I continued running, I past people standing in the rain, cheering as I ran by. Once I got down to having only 5k left I got a burst of excitement, I could not believe I had done it, I really was about to finish an entire 42k. I finish my run cheering and thinking about my friends and family.

Once I reached the last few feet before the finish, I saw my friends waiting along the final stretch cheering for me. Next thing I know they break through the gate and run with me through the finish as I slid into home. I could not have asked for a better first marathon. It began with excitement, continued with joy, and ended with love!

Friday, January 13, 2012

Will there ever be enough rice?

I was out the other night handing out food on the streets and as I am passing food out to the first people that come to along this one strip, I realize I did not have enough for everyone. This was one of the saddest moments I have come across here, in India. I never thought as I set out to do this project that I would encounter such a situation. I should have known I suppose, by the many nights in the auto driving past entire communities living on the streets, lined up neatly in a row along the sidewalk in any given area of town. It was this night that I questioned if there would ever be enough rice to go around. I am only one person, can I even make a difference? I do not have the capacity to possibly feed everyone that is in need. I want to challenge everyone to do a little in their own communities, grab some rice and help feed the hungry in your town, on your streets. I may not be able to take on the world myself, but I help a few people get a meal for one night. I want to challenge everyone to do the same and maybe if we all do just a little, there will be enough rice for everyone.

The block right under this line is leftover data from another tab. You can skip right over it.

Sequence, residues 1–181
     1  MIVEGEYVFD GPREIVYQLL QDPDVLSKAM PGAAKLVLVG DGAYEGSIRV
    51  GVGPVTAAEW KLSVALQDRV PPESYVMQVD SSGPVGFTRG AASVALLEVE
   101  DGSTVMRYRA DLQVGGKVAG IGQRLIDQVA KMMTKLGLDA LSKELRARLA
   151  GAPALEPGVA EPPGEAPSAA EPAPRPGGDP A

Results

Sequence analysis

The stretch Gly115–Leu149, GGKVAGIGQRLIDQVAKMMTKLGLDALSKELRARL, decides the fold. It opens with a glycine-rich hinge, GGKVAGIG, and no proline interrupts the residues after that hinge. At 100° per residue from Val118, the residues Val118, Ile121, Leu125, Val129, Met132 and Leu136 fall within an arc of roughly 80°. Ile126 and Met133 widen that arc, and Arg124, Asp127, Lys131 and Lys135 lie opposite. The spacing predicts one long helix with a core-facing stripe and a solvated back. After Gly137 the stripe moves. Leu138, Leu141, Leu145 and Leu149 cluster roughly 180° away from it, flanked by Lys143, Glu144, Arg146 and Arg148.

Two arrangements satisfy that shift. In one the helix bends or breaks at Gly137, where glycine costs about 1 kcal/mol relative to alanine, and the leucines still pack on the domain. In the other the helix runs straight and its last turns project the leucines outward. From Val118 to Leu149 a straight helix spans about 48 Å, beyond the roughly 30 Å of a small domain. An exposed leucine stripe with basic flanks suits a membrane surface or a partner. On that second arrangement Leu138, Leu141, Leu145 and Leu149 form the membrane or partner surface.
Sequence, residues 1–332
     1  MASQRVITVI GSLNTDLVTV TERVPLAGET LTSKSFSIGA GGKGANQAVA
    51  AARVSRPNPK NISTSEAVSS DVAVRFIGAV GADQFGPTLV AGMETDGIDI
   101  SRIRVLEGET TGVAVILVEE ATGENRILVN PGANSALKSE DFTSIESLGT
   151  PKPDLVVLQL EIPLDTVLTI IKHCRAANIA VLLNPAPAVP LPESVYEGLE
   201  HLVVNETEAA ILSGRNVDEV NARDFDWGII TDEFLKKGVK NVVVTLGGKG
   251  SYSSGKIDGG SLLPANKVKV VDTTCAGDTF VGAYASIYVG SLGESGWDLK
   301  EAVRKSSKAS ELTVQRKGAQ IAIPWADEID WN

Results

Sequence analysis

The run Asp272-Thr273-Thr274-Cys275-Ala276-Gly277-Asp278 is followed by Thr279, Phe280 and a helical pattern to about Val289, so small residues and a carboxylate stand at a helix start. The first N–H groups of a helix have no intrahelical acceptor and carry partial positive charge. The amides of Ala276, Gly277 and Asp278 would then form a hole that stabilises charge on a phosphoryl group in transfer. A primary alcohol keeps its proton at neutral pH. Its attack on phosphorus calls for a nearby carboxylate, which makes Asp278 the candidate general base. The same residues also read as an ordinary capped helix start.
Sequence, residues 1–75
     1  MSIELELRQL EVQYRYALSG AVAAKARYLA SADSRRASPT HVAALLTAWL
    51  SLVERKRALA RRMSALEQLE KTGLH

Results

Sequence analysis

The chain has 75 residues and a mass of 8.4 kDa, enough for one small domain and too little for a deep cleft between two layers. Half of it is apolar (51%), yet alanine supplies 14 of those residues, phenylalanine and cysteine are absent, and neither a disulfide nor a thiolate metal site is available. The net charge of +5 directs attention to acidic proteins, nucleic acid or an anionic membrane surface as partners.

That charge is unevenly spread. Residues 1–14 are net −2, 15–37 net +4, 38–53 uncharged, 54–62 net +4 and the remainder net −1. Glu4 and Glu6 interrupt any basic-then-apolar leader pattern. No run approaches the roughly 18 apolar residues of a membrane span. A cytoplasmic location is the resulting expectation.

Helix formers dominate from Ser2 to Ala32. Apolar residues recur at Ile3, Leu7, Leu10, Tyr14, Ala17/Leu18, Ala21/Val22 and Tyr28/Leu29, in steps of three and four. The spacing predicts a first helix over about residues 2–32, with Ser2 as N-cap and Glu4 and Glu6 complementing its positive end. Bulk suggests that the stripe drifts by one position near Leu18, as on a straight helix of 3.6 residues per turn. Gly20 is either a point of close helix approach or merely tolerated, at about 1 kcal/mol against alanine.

Monday, December 19, 2011

LIFE: a short overview

I have been in India for about two months now and I have seen everything from the most glorious homes to the family sleeping with a blanket on the sidewalk and everything in-between. So, let's take a quick recap of the last few months, since I began LIFE. I began this journey in Israel where we spent time on a kibbutz, learning about composting and organic farming as well as creating buildings out of mud bricks. The mud bricks were my favorite with the seed balls as a close second.

After the week long journey on the kibbutz, we stayed in Jerusalem for another week doing leadership training and preparing for our time in India. Arriving in India was an experience like I have never had. It was the first time, even through my travels in Europe, especially Greece, that I really saw poverty like I did when I got to India. I have never seen an entire family sleeping on the streets. I will never forget the image of the mother with her children, including a baby which could not have been more than a few months old lying in a row on top of a blanket in Mumbai.